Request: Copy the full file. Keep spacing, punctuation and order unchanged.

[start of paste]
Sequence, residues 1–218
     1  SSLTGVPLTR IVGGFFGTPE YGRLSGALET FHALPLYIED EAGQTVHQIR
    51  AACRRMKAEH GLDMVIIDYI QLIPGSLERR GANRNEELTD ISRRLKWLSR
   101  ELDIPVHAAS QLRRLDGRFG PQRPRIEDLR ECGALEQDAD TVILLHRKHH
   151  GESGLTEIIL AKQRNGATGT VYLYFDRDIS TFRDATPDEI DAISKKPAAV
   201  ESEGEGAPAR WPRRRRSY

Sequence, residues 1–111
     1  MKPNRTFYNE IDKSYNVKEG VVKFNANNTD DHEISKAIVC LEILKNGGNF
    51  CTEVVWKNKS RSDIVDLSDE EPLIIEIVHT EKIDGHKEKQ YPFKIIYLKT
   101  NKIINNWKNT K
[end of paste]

Sequence, residues 1–218
     1  SSLTGVPLTR IVGGFFGTPE YGRLSGALET FHALPLYIED EAGQTVHQIR
    51  AACRRMKAEH GLDMVIIDYI QLIPGSLERR GANRNEELTD ISRRLKWLSR
   101  ELDIPVHAAS QLRRLDGRFG PQRPRIEDLR ECGALEQDAD TVILLHRKHH
   151  GESGLTEIIL AKQRNGATGT VYLYFDRDIS TFRDATPDEI DAISKKPAAV
   201  ESEGEGAPAR WPRRRRSY

Sequence, residues 1–111
     1  MKPNRTFYNE IDKSYNVKEG VVKFNANNTD DHEISKAIVC LEILKNGGNF
    51  CTEVVWKNKS RSDIVDLSDE EPLIIEIVHT EKIDGHKEKQ YPFKIIYLKT
   101  NKIINNWKNT K